Should Surveillance for Liver Cancer be Modified in Hepatitis C Patients After Treatment-related Cirrhosis Regression?

Roberta D'Ambrosio; Massimo Colombo


Liver International. 2016;36(6):783-790. 

In This Article

Should Surveillance be Modified in Cirrhosis Regressors?

Surveillance with 6-month US examination of the liver has been shown to provide survival benefits in patients with advanced HCV, however without providing an evidence-based determination of its economic consequences, in parallel.[31,33] A prediction of cost-effectiveness of surveillance for HCC relies on modelling, whereby surveillance with US of viraemic patients with cirrhosis appears to be cost-effective in those with an annual incidence of HCC equal or greater than 1.5%. AASLD practice guidelines for HCC recommend surveillance for SVR patients with a pretreatment diagnosis of cirrhosis, whereas cirrhosis regression should not be a reason to withhold surveillance.[31] Both EASL clinical practice guidelines for HCV and HCC recommend surveillance of SVR patients with advanced fibrosis;[33] in addition, guidelines for HCV recommend clinical assessment of SVR patients with pre-existing cofactors for liver disease like a history of alcohol drinking and/or type 2 diabetes, independently of pretreatment fibrosis stage. EASL acknowledges that the exact duration of surveillance in patients with advanced fibrosis or cirrhosis who achieve an SVR is unknown in the current state of knowledge, suggesting, however, that it is probably indefinite. All in all, both international societies advise maintaining surveillance for SVR patients with advanced liver fibrosis, independently of the histological response to therapy.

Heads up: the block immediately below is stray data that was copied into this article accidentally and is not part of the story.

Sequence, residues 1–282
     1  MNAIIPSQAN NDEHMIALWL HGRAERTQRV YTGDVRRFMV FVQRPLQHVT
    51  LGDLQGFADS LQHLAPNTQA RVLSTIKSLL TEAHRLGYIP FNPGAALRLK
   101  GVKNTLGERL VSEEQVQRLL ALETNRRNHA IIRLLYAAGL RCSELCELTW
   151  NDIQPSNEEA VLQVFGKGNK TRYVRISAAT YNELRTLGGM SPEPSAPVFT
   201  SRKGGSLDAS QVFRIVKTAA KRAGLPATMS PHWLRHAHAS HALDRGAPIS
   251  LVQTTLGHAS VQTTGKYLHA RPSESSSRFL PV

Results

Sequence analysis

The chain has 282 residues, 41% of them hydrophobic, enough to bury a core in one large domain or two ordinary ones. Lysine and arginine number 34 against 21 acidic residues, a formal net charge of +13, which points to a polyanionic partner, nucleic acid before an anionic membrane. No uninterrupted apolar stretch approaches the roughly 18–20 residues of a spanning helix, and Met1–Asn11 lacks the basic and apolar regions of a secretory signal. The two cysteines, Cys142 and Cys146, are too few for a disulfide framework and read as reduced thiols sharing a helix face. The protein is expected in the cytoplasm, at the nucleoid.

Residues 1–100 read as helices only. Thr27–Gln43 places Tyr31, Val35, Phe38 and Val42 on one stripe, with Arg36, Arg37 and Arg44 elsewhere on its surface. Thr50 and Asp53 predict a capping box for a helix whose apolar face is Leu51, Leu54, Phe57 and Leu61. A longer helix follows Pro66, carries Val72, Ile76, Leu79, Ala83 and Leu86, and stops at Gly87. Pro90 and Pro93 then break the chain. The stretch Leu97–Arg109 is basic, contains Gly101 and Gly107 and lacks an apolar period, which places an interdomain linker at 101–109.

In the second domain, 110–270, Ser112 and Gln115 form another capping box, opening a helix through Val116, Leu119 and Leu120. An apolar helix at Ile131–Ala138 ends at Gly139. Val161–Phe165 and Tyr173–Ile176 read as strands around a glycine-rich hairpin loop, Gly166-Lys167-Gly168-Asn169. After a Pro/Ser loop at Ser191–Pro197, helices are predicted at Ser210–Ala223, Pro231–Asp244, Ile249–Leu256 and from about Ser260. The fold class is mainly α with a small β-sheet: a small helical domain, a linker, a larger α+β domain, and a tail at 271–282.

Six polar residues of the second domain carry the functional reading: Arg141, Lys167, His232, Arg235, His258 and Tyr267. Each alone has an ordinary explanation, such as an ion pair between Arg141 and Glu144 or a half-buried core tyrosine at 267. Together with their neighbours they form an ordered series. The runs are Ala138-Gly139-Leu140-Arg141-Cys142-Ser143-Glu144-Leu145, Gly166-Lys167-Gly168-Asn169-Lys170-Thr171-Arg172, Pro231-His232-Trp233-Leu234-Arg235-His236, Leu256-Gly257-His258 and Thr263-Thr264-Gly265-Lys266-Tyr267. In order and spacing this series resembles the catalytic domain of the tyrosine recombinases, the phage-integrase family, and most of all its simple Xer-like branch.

Interestingly, a recent Japanese study of HCC surveillance in SVR patients reported reduced survival rates among patients who discontinued follow-up after viral eradication.[66] Overall, the incidence of HCC was 3.4% during a mean 6-year follow-up period, and cirrhosis was detected in 36% of those who underwent surgical resection. In patients on regular follow-up, HCC displayed favourable clinical features, including small tumour size, single, no portal invasion and low tumour stage according to TNM staging at variance with what observed in patients escaping surveillance at the time of diagnosis. As a consequence, HCC patients under surveillance were in a better BCLC class (P < 0.0001), which granted for more chances of receiving a curative treatment (resection vs. no treatment: 51% vs. 30%) and a better survival (P < 0.0001). Interestingly, while reporting no differences in survival rates between groups, the authors found higher HCC recurrence rates in patients undergoing 6-month surveillance than those who received 3-month surveillance (P = 0.04).[66] One point that needs to be clarified is whether serum AFP, which was dropped in the surveillance of viraemic patients, may instead be useful to monitor HCC risk in SVR patients.[24,65] Recently, AFP emerged as a powerful baseline independent risk of HCC among a cohort of compensated cirrhotics, independently of their CPT class (HCC risk: AFP ≥10 vs. AFP <10 ng/mL: HR 7.19 (2.06–25.1); P = 0.002).[67]